While the content is before my political time, and certainly even (for half of the plot at least) just flat-out before my time full stop, the subject still makes an impact. It's certainly understandable why this film was made, what with the current situation in both Afghanistan and Iraq.
What I found most affecting about the film, was that it showed us how much money and effort was put into fighting the 'Commie Bastard' Russians in Afghanistan ($1 billion) and how 'they' just ditched the battered and bruised people (over half of which were under the age of 14) by not ponying up a comparatively measly sum of cash for education and the like.
It speaks volumes about the current situation, a catch 22 even. Either leave the troops in both territories and lose further lives (on both sides), or pull out too soon yet again after turning two country's population's lives upside down before the bad guys ultimately regain control, therefore making the entire war completely pointless, thus making the lives lost on both sides mean absolutely nothing - nobody would have died for anything. You get the feeling that the US government doesn't have a great deal of patience for anything outside of easy-to-understand 'shoot and kill' that lasts for anything longer than a year ... both from this film, and from the current political climate.
News flash, wars take a long time, they're devastating and horrible things which happen because they seek to put a stop to something else that is devastating and horrible from happening. It's the ultimate catch 22, but it cannot be achieved in six months, and the fighting certainly doesn't stop after the last bullets have been fired.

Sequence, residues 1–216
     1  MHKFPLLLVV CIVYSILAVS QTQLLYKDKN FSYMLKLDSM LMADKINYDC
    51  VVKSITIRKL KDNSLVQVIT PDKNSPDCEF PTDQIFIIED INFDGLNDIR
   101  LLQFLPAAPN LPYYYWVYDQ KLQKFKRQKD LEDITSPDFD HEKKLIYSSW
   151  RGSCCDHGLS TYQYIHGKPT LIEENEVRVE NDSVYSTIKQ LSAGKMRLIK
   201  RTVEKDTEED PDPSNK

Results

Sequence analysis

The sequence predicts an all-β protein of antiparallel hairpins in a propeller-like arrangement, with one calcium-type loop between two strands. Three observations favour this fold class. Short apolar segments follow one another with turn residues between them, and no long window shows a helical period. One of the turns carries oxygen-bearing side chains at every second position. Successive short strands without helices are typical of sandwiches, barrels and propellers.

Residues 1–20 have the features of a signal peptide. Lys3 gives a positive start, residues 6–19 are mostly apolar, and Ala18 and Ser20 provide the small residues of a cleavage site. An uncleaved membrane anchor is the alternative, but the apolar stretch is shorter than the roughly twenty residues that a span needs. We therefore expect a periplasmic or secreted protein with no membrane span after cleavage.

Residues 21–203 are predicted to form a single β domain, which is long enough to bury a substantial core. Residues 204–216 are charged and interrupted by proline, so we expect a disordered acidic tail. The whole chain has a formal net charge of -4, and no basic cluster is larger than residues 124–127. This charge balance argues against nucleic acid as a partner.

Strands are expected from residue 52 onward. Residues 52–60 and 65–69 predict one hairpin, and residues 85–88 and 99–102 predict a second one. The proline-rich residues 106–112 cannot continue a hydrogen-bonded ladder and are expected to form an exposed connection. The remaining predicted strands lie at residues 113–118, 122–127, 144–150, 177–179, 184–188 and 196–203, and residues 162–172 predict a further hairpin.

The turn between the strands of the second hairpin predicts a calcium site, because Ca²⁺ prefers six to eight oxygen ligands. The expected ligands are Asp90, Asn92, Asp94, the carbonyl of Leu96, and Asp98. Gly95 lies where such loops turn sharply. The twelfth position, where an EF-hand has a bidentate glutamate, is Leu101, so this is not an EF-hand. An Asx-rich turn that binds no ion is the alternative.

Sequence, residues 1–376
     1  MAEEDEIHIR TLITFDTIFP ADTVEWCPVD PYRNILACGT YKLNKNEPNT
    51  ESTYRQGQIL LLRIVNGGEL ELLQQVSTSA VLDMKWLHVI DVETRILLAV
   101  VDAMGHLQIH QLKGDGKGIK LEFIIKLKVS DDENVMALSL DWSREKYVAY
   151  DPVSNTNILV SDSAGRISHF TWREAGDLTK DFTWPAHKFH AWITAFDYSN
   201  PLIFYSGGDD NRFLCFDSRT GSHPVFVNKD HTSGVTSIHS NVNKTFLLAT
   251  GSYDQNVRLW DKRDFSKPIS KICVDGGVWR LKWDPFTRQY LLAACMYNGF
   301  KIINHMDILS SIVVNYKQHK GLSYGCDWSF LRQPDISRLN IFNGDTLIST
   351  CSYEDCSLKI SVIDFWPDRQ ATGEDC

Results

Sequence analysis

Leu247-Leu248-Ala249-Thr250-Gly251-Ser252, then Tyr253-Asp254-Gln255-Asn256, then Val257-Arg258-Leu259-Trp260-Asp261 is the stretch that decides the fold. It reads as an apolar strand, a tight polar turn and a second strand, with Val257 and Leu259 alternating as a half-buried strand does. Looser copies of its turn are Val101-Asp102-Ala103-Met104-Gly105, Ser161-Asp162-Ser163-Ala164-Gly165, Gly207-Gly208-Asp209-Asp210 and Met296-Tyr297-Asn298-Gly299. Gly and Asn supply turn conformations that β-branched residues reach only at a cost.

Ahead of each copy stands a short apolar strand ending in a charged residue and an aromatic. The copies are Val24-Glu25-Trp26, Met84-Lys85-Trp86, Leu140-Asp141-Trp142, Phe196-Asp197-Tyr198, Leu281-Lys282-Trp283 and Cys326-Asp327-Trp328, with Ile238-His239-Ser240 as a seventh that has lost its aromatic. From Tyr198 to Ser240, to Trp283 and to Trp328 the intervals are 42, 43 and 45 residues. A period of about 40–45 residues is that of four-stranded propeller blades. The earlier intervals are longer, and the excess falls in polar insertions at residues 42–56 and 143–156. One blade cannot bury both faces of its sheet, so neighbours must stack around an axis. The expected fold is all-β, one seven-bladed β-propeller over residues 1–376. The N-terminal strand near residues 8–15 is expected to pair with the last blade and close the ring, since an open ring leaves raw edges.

History is tragically repeating itself, and this is one of the issues that the darkly comic Charlie Wilson's War flags up for our attention.
While I didn't understand certain things regarding the American political system (hell, it's hard enough to understand the absolute garbage being thrown around by the current government here in the UK), just as a subtle black comedy it works, and reminds us that there's not enough Tom Hanks on the big screen these days.
A bit more thought is required for this one, and at times it can become quite dark when signaling up the horrid reality of the Afghan plight, but it can equally be enjoyed as a political farce in some respects, and indeed the two central performances (Hanks & Hoffman) are a joy to watch.
Ultimately it is a refreshing watch, it never decidedly strays into either side of the political spectrum, instead deciding to leave the politics and ethics balanced and open to the viewer's own interpretation. Indeed, the closing statement denoting "...we just fucked up the end game" speaks volumes in itself.